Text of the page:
Who Decided Which Books Belong in My Bible?
by Timothy Jones
Suppose that you became a Christian in the second century A.D. You’ve heard the story of a divine being who died on a cross and rose from the dead. Through baptism, you’ve openly identified yourself with his followers. Now, you want to learn more about this deity. Yet you quickly realize that some people who call themselves “Christians” understand Jesus very differently from the Christians in your congregation. In fact, one nearby group that claims the name “Christian” also says that Jesus wasn’t actually a human being—he was a spirit that only seemed human!
How would you decide who was right?
As a twenty-first century Christian, the most reasonable reply seems to be, “Read your New Testament!” The problem is, most Christians in the second century couldn’t read. Even if you were one of the privileged few that possessed the capacity to read and write, you wouldn’t personally own a Bible. Your only “Bible” would have been found in an armarion—a specially-constructed cabinet with niched shelves for scrolls and codices—that stayed in the house where your congregation most often gathered. The armarion would likely have sheltered a copy of the Greek Old Testament and perhaps a couple dozen other sacred scrolls or codices.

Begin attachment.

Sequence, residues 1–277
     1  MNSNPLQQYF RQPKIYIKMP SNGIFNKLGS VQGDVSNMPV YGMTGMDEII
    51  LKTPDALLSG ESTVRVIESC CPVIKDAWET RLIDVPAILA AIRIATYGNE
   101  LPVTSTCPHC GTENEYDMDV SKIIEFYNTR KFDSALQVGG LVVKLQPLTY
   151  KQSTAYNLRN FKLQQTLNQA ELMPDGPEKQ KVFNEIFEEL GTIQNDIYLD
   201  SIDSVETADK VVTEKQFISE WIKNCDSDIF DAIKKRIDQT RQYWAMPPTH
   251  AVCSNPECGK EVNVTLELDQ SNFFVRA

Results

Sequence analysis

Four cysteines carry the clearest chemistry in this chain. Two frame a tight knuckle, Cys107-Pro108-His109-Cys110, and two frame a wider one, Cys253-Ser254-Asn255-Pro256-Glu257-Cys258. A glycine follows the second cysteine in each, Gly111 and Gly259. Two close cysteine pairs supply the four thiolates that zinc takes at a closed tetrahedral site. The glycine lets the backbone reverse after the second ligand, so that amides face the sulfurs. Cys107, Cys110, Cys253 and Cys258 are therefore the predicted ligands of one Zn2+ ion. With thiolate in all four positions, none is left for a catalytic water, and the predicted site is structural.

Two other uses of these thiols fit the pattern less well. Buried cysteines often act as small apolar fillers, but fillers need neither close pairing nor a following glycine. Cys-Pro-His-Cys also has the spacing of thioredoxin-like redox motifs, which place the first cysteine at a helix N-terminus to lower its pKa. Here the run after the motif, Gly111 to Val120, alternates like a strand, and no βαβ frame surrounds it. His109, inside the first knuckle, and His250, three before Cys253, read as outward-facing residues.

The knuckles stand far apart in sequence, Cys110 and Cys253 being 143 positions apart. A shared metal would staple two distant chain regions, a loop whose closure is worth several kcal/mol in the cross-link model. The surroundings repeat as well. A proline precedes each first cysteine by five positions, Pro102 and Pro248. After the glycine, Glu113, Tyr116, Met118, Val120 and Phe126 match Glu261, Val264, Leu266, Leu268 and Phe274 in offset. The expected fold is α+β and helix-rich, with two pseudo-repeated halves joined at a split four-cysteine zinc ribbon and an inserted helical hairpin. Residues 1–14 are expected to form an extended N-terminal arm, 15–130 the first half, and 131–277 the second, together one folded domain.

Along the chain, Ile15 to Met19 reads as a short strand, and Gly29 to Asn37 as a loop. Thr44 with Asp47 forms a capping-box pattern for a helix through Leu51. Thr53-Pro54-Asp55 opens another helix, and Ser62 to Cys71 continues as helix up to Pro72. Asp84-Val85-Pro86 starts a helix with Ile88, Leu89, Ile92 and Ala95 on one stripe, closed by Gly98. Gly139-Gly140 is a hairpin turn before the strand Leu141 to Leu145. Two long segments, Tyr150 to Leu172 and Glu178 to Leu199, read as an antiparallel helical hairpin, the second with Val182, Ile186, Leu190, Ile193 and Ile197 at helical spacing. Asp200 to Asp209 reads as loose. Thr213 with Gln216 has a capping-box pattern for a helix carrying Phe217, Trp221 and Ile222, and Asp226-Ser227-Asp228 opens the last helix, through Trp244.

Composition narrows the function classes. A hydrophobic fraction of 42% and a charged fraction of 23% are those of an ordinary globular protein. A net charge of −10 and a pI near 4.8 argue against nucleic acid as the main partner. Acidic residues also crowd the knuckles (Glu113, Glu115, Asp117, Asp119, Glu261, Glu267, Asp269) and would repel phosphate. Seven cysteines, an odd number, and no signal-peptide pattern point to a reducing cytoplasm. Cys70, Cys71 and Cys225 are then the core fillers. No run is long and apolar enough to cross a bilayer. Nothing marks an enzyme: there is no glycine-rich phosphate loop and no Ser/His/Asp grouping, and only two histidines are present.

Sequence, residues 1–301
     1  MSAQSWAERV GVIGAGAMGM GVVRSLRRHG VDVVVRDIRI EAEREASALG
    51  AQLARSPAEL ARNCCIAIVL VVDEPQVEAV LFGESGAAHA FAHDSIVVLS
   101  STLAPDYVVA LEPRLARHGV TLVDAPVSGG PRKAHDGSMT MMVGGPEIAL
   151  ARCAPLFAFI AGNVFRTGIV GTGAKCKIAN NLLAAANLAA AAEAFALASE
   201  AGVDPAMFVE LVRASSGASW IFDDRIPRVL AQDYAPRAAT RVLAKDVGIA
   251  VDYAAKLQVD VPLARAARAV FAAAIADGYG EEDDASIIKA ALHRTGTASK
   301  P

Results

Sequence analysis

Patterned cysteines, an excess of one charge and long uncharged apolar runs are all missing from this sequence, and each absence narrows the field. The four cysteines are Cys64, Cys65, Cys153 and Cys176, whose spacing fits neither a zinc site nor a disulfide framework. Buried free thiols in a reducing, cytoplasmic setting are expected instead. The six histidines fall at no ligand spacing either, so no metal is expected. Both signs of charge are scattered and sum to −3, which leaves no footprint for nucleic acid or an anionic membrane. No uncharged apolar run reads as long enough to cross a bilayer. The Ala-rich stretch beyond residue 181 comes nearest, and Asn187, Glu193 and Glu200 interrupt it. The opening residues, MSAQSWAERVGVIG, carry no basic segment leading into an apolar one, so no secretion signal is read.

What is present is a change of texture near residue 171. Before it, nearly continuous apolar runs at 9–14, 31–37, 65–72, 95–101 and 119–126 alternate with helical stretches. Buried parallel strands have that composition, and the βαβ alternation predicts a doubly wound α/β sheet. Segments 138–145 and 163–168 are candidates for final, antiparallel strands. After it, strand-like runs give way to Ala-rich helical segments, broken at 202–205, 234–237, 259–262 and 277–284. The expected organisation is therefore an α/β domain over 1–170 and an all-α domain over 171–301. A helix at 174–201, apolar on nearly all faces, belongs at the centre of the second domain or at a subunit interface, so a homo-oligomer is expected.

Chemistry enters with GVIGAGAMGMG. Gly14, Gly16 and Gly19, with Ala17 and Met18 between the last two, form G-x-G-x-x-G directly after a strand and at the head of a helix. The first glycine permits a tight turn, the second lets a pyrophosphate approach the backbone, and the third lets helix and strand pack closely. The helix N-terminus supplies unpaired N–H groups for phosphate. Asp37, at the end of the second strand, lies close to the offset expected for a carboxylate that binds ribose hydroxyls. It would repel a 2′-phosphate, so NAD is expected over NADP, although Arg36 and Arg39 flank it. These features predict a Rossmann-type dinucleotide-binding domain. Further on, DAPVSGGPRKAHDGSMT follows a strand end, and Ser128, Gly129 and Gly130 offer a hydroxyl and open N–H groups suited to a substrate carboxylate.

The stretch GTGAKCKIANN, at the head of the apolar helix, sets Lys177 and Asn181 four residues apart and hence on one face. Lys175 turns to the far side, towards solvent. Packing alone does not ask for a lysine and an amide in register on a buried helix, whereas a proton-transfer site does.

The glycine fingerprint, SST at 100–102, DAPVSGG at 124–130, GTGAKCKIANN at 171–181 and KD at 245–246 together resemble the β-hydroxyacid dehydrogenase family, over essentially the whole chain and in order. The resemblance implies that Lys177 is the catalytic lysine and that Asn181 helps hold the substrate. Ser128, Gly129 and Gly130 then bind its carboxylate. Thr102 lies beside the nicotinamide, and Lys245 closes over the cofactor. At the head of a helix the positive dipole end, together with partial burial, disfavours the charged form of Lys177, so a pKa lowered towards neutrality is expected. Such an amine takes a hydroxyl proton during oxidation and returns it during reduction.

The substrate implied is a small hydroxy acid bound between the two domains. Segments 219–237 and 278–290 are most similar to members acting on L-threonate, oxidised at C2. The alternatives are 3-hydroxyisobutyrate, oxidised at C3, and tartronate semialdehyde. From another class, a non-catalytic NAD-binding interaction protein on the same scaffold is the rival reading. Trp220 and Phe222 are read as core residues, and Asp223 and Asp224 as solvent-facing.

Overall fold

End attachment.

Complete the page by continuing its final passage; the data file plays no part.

But it’s possible that not all of these texts would have been identical to the twenty-seven books that you find in New Testaments today.
To be sure, the four Gospels, the Acts of the Apostles, Paul’s letters, and probably John’s first letter would have had a place in the armarion. But the cabinet could lack a few writings that your New Testament includes—the letter to the Hebrews and maybe the second epistle that’s ascribed to Peter, for example, or a couple of John’s letters. A quirky allegory entitled The Shepherd might have made an appearance in your armarion. You might even find a letter or two from a Roman pastor named Clement.
Do you sense the dilemma that faced first- and second-century Christians? How did they maintain a clear and consistent faith in the shadow of so many competing claims? And who decided on the texts that we call the New Testament today?
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